Through these challenges and barriers, there will be an undercurrent of steady personal growth. Your tolerance levels will increase, and you will find that you capable of handling a significant amount of discomfort. You will be able to handle uncomfortable things like eating strange, unfamiliar foods. In the face of adverse circumstances, you may find that you are a lot calmer.

If there is a language barrier in the new country, you will be surprised to find yourself learning to communicate in ways that are beyond words.

It is hard to develop a global perspective if you have never left your motherland, because you remain within your own culture, political system and values, which have a tendency to limit your perspective and make you experience life through these filters. Breaking away from your personal social construct and settling in a new one causes you to develop a global perspective. You will start perceiving the world through the lens of a different culture, political environment and value system. You may start evaluating your values, realizing that some of them may be attributed to cultural programming and don’t really fit into your new perspective. This can turn out to be a difficult stage, but it still carries an important benefit of living overseas.

There is no evidence to prove that living abroad can chronologically alter the length of your life. However there is some evidence that maintains it can enhance your own perception of the length of your life. An assistant neuroscientist at Baylor College of Medicine, David Eagleman, has been studying the brain’s perception of time and he puts forth the following observations:

“The more detailed a memory, the longer the moment seems to last. The reason it feels like time is speeding up as we age is that the world becomes more familiar. The more familiar the world becomes, the less information your brains writes down, and the more quickly time seems to pass.”

Living overseas means that you are exposing yourself to everything that is unfamiliar. This happens especially when moving from a Western country to an Eastern one or vice versa. The language is different, the cuisine is unfamiliar, even the smells are foreign. This causes your brain to go into overdrive as it records these new details. Thus as you keep having new experiences in your host country, your perspective of your life tends to lengthen. New memories lead to a longer perception of your own life than if you monotonously carry out the same everyday routine in your home country. Time appears to pass more slowly when having new experiences. Therefore when you are recording new memories, your perception of time is that it passes slower than if you were repeating the same experiences.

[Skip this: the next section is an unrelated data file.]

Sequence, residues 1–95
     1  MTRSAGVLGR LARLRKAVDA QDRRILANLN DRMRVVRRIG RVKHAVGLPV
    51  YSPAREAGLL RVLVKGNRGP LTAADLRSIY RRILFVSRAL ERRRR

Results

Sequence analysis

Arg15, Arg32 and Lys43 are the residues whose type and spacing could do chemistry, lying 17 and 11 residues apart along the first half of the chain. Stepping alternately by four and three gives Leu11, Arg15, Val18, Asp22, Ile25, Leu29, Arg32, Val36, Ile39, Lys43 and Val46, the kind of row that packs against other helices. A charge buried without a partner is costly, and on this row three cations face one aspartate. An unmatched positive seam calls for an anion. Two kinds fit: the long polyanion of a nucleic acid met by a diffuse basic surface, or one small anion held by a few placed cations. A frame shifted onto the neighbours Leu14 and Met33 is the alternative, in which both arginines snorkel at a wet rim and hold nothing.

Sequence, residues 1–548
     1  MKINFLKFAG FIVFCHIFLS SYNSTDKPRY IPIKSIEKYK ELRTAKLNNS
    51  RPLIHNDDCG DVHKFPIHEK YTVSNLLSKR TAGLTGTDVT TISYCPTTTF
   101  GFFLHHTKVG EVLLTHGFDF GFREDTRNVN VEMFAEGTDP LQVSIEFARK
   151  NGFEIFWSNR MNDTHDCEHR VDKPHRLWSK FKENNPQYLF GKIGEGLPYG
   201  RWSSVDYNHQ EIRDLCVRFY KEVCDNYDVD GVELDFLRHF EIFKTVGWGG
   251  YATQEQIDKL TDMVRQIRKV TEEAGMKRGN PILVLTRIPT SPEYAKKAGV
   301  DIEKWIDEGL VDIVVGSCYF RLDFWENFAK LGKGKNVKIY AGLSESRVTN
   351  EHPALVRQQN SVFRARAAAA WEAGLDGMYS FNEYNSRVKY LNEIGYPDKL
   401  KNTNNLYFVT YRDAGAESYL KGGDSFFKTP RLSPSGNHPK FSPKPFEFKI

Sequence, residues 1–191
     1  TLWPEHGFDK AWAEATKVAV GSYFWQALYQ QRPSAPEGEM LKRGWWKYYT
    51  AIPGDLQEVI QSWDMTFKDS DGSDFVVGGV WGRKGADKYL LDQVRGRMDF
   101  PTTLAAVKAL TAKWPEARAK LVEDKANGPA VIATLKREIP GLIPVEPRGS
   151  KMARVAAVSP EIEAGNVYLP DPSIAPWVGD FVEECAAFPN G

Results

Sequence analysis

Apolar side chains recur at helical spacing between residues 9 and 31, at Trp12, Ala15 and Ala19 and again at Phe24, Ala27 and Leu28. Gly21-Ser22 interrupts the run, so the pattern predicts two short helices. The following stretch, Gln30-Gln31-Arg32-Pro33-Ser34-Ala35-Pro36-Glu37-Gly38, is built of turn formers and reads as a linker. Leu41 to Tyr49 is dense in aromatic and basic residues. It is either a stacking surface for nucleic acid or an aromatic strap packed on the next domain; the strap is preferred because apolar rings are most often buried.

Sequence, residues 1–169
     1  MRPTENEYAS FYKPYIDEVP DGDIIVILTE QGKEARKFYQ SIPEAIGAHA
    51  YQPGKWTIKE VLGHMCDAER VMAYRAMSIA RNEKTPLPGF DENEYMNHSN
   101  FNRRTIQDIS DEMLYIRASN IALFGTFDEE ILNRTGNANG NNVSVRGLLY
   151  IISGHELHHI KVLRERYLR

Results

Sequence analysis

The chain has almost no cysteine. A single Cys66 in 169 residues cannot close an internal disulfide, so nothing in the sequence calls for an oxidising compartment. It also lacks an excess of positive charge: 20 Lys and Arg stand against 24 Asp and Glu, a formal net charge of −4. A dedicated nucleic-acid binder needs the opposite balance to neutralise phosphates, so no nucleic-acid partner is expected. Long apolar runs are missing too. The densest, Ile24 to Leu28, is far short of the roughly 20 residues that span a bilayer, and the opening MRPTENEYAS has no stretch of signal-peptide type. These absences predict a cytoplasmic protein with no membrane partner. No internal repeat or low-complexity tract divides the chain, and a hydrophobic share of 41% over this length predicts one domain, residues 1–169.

Adaptability is connected to the unfamiliar. You first notice that things are very different in a new country. Then you think of ways to adapt to the new lifestyle. For instance, you observe that the method of crossing a heavily trafficked street is quite different to how you would do it at home. You may proceed to try it out in your way while noticing other people’s behavior with discomfort. As time passes, you finally try it the way the locals do until at some point, a visitor remarks that what you are doing seems peculiar. This lets you know that you have adapted to the local norms and local behaviors. However, it may take you a while to embrace the change. Adaptability increases out of the necessity to not just survive in a new country and culture, but to thrive in it. You can even use it back home to find alternate ways of doing things.

Packing up and moving abroad takes a significant amount of courage. It can be one of the most exciting things you’ve ever done, but also the most nerve-racking. The discomfort is well worth it because diving first into the unknown is a sign of confidence. When you move abroad, you will also be putting yourself into unfamiliar situations that push your limits, and nudges you into growing in ways you never would in your home country.